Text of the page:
3. Sparse reconstruction strategy for fault diagnosis
After fault detection, isolation of faulty variables are conducted to diagnose the faults. Turn the fault isolation problem to a constrained optimization problem which can be solved by LASSO.

## Cases

A TE process and a thermal power plant case

The thermal system of a power plant mainly includes two subsystems, steam turbine system and boiler system.

### Case 1

Data

• 159 variables including pressure, temperature, water level, flow and so on
• 2880 normal samples
• 960 faulty samples

Process

1. After AFD, 51 variables are assumed to be nonstationary.
2. Use the 51 variables to construct a CA model, and the cointegration vectors $B\left(51×42\right)$ are obtained.
3. Use the cointegration vectors to calculate ${T}^{2}$ for fault detection.
4. Use the sparse reconstruction method to identify the faulty variables.

### Case 2

Data

• 154 variables
• 2880 normal samples to construct the cointegration model.
• 960 fault samples are used to online monitoring.

Process

1. 76 variables are used after AFD test to construct the model.
2. Same as above

# 4. Fault Detection and Diagnosis Based on Sparse PCA and Two-Level Contribution Plots

## Introduction

Fault reconstruction and contribution plot are two widely used fault diagnosis methods. But conventional contribution plot has two drawbacks:

1. smearing effect: in a traditional contribution plot, the contribution of a process variable consists of two parts: the individual contribution and the cross-contributions from other variables. The faulty variables can increase the contribution of fault-free variables.
2. the traditional contribution plot does not take into account the meaningful correlations between process variables.

The hierarchical contribution plots have been developed to improve the fault diagnosis performance. Its basic idea is to divide the overall process into seven blocks based on process knowledge, and to examine the block-wise variable contributions to identify the faulty variables responsible for the fault.

A shortcoming of the standard PCA is that its loading vectors lack sparsity; A loading vector is thus often related to most input variables. Sparse PCA aims to obtain a set of sparse loading vectors (with fewer nonzero elements) that explain most of the variance in the data.Sparse PCA has a much better interpretability than PCA, but three problems need to be solved:

• how to determine the optimal sparsity (i.e., the number of nonzero elements) of each loading vector
• how to choose appropriate sparse loading vectors for building a high-performance monitoring model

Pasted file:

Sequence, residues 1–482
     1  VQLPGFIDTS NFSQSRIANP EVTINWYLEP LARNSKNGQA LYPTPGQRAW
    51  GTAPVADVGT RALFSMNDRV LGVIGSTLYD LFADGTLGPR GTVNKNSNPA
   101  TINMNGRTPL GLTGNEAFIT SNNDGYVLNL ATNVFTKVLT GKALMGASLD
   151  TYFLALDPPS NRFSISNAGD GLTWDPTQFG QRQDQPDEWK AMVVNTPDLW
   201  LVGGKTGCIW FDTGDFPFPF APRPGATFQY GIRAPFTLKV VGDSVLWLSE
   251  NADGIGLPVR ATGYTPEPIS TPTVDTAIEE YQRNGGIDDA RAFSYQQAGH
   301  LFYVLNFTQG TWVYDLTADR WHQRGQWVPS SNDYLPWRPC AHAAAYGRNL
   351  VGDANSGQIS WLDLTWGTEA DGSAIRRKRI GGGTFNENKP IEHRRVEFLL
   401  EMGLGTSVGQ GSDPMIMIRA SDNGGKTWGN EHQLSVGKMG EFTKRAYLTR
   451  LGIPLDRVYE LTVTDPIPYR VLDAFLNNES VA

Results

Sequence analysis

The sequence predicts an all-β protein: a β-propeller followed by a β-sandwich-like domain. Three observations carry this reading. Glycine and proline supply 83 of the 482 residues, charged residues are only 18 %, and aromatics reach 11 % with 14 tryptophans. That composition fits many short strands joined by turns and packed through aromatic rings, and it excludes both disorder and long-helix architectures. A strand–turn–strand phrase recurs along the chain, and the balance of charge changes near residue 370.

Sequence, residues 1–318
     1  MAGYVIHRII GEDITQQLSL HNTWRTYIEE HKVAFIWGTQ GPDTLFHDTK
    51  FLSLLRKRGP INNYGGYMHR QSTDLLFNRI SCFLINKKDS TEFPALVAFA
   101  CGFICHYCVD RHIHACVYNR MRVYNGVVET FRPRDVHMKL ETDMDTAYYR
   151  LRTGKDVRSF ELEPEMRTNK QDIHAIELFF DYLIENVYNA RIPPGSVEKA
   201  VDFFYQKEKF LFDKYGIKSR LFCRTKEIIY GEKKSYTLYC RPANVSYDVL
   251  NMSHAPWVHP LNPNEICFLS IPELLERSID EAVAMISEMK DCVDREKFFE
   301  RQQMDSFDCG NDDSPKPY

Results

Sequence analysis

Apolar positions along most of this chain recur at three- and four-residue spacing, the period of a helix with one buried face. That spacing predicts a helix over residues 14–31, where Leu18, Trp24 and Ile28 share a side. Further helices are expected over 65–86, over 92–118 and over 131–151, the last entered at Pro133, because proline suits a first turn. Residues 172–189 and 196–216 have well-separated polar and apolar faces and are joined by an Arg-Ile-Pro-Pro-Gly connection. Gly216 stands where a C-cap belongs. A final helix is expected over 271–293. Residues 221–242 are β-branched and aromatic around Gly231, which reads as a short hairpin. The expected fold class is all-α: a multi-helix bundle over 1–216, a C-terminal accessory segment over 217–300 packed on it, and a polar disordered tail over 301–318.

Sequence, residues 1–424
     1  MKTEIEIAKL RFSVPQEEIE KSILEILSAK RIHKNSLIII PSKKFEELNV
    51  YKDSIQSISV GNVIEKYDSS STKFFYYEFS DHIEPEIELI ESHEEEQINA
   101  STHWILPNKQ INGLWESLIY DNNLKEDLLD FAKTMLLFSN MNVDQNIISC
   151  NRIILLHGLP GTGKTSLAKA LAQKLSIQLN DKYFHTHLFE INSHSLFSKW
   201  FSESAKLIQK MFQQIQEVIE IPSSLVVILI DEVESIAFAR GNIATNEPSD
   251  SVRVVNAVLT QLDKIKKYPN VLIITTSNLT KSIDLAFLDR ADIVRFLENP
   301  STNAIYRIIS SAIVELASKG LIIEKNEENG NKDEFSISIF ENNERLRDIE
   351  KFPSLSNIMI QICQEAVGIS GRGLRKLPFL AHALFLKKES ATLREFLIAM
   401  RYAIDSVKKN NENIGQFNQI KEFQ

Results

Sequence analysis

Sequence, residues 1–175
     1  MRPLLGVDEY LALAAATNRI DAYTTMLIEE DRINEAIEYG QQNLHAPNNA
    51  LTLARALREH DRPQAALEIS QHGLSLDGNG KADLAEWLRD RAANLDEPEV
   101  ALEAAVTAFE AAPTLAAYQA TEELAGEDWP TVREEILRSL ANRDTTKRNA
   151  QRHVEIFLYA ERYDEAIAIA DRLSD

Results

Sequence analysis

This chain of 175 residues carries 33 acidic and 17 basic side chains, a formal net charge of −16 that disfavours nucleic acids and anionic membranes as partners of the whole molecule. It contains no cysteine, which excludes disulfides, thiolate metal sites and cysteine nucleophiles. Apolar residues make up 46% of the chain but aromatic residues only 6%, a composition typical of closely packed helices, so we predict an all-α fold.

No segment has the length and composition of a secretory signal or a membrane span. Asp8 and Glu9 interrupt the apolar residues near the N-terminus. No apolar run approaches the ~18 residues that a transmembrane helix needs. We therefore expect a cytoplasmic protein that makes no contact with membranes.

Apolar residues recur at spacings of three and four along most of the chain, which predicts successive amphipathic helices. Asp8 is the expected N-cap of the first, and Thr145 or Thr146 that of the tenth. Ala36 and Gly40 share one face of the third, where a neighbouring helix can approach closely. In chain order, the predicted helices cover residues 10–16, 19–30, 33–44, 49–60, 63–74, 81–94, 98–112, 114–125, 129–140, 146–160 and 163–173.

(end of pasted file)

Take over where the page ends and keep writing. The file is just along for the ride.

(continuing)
• how to utilize the sparse characteristics

## Methods

### Sparse PCA

$p=\mathrm{arg}\underset{p}{max}{p}^{t}Ap$$s.t.{p}^{T}p=1,\phantom{\rule{2em}{0ex}}\parallel p{\parallel }_{0}\le r$

where $\parallel p{\parallel }_{0}$ denotes the cardinality (the number of nonzero elements) of the vector $p$.

Absorbing the cardinality constraint into the objective function:

$p=\mathrm{arg}\underset{p}{max}{p}^{T}Ap-\rho \parallel p{\parallel }_{0}$$s.t.{p}^{T}p=1$

### Fault detection

A fault detectability matrix is defined below to construct the sparse loading matrix

Using the ${T}^{2}$ and SPE statistics to detect faults.

### Two-level contribution plot

The variables corresponding to nonzero elements in the same loading vector can be regarded as a variable group.

TE process

# 5. Fault detection and diagnosis of dynamic processes using weighted dynamic decentralized PCA approach

## Introduction

Based on an argument that some process variables can inﬂuence other process variables with time-delays, a time-delayed process variable might have a stronger relationship with other variables than the non-delayed one. Therefore, there exists high correlation among process variables with time-delays.

Given that modern industrial plants are usually composed of many processing units, the resulted large-scale problem was usually at- tempted by decentralized/distributed modeling methods. Decomposing process variables into conceptually meaningful overlapping or disjoint blocks through using purely data-based methods become a popular solution to decentralized/distributed monitoring.

## Methods

Dynamic PCA; decentralized monitoring

1. select dynamic feature of the process variables
2. split the augmented matrix ${X}_{a}$ into m blocks
3. perform PCA to each block and get ${T}^{2}$ and SPE for each block
4. Bayesian inference is employed to combine all the local results into two probabilistic monitoring indices, $BI{C}_{T2}$ and $BI{C}_{Q}$

TE process

# 7. Multiscale PLS-based GLRT for fault detection of chemical processes

## Introduction

Process residuals used for the input model-based fault detection techniques may often contain high levels of noise, be highly correlated and non-Gaussian, and these may affect the fault detection performance.

Measured process data are usually contaminated with errors that mask the important features in the data and reduce the effectiveness of any fault detection method in which these data are used. Unfortunately chemical process data (as in the case of most practical data) usually possess multiscale characteristics, meaning that they contain features and noise that occur at varying contributions over time and frequency.

The kernel PLS-based generalized likelihood ratio test (GLRT) is proposed by Botre et al., and provides optimal properties by maximizing the fault detection probability for a particular false alarm rate.

## Methods

### Multiscale wavelet-based data representation

Wavelet transformation is used to decompose original signal into its multiscale components characterized by time and frequency. Discrete wavelet transform (DWT) projects original signal onto orthogonal signal to obtain coarse approximate scale, the discrete wavelet function for coarse approximate scale.

### Multiscale PLS

1. decompose X and Y into coarse and detail scales
2. apply PLS to each scale to compute score and loading vectors
3. at each scale, coefficients that are not significant are neglected
4. reconstruct X and Y after threshold

### Fault detection

using Hotelling's ${T}^{2}$ and SPE charts

### GLRT

Using GLRT to test the residue obtained from the MSPLS model to detect fault.

TE process